Thank you for that warm introduction, Mark.
It’s a great pleasure for me to join you today, all be it virtually, given that Savills brought together such a diverse mix of key players such as housing associations, councils, developers and groups from right across the housing industry.
Can I first of all begin by saying how grateful I am to everyone in the sector for the tremendous support that you have given and the forbearance that you have undertaken during what has been some of the most difficult years in our lifetime.
I know it’s been very challenging for you all professionally. I expect it will have been very challenging for some of you personally. So I just want to say firstly thank you for all that you have been doing, will be doing and will continue to do for the sector, for the industry, and for your clients and customers.
I know the imposition of this second national lockdown has been especially challenging with many businesses, once again, seeing jobs and people’s wellbeing on the line and certainly for many smaller businesses it is a very challenging time.
But with the arrival of the new vaccines onto the scene and into the pipeline and given the resilience the housing market has shown in the last few months since it reopened in the middle of May, I think that there are glimmers of light for the recovery to come – to begin to reclaim our way of life.
The pandemic has, undoubtedly, made us think about the way we live our lives at every level.
You, in the housing sector are at the forefront of these profound changes as we attempt to build back the economy, build back our lives, and build both back better.
Keeping the housing market open
Throughout the pandemic, since it began in February and we began our first lockdown in March, we have done everything that we can, not just to protect people’s lives, but also to protect their livelihoods.
That includes the package of measures that we have launched, and refined, and continued to roll out to support jobs and businesses across the country.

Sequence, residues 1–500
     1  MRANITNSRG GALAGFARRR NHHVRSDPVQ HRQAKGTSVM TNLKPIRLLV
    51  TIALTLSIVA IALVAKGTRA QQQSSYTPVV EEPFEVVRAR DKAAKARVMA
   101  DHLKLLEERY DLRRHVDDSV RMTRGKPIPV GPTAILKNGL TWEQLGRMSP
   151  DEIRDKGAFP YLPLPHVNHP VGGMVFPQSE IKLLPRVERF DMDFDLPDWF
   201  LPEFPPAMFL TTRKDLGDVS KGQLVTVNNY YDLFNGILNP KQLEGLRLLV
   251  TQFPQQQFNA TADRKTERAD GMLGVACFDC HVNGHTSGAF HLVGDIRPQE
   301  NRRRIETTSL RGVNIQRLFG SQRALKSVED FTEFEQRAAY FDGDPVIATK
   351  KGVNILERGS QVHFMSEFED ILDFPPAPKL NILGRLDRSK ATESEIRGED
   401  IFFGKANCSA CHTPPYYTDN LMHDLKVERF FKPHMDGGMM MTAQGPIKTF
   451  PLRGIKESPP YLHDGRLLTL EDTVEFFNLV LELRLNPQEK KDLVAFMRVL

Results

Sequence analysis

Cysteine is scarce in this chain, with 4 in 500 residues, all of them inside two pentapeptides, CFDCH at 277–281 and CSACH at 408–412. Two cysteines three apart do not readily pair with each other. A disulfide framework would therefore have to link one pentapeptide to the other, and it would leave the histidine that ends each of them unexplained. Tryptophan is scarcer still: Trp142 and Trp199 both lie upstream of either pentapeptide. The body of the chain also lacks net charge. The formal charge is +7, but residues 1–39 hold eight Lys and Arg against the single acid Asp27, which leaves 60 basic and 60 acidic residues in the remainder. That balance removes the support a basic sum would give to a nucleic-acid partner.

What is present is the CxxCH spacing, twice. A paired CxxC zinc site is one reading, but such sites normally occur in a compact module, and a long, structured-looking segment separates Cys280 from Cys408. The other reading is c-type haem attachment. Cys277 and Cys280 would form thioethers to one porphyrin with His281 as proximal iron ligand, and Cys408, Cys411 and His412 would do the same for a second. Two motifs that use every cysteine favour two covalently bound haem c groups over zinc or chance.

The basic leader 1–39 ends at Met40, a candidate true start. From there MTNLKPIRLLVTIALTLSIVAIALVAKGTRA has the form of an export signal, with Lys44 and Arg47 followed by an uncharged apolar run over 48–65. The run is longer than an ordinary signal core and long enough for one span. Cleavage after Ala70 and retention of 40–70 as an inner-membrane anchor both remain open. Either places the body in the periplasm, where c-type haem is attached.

The Prime Minister and the Chancellor have both said that we will do whatever it takes to keep businesses and their employees afloat – though tax cuts, tax deferrals, direct grants and the Furlough Scheme – we will do whatever it takes to protect our economy.
The tough national measures that we have taken are part of that approach, but they are also, I think we’ll all agree, distinctly different from those we took in the Spring.
I think we all recognise that the housing sector is a bellwether of confidence in our wider economy – what General Motors is in the United States, what Birmingham Yardley constituency used to be in terms of bellwethers in politics.
The housing sector is a bellwether in the United Kingdom for our economy.
And that is why – more than with any sector – we have done all we can to keep the industry open.
Working closely with the CLC, the HPF, the Federation of Master Builders, to allow flexible working hours, to allow planning permissions are extended to ensure that safe working practices are baked into work onsite to keep the economy working and to keep workers safe.
That really is exemplified in the Safe Working Charter which the HBF developed way back in March, and which was a signal to the reopening of the housing economy.
Mark said we haven’t been furloughed in MHCLG – that’s absolutely right. We’ve been doing our bit to provide both financial support and stimulus to the economy.
We have the £450m Home Building Fund which we announced before the summer, supporting the delivery of 7,200 new homes, right through to our Private Rented Sector Guarantee Scheme which has green-lighted £415m in loans to help the industry bounce back from this pandemic stronger and more resilient than before.
With so many of us spending so much more time in our homes right now, the pandemic reinforced the need to double our efforts to build more quality homes with strong and sustainable communities, which we need now more urgently than ever.
That means keeping up the pace on supply. We need to make up for ground lost – the emergency and the challenges to the economy notwithstanding we must meet our target of building 300,000 new homes of all types and tenures each year by the middle of this decade so that people can afford to buy or afford to rent the sorts of homes that they want to be able to provide them with the security and the opportunity that they want and need.
To that end, we are delivering the biggest improvements to the building safety regime that we have seen for a generation and pressing ahead with remediation work, which is absolutely critical to safety.
I am absolutely clear that remediation must continue through these lockdowns where it is safe to do so. We’ve set aside £600 million for the remediation of ACM-clad high-rise buildings to make those homes safe. I want to thank everybody involved in the sector for their work on that.
The Chancellor made available £1 billion at the budget for the remediation of non-ACM type cladding in tall buildings to make those safe as well, and work is advancing to make sure that that money is distributed and dispersed effectively.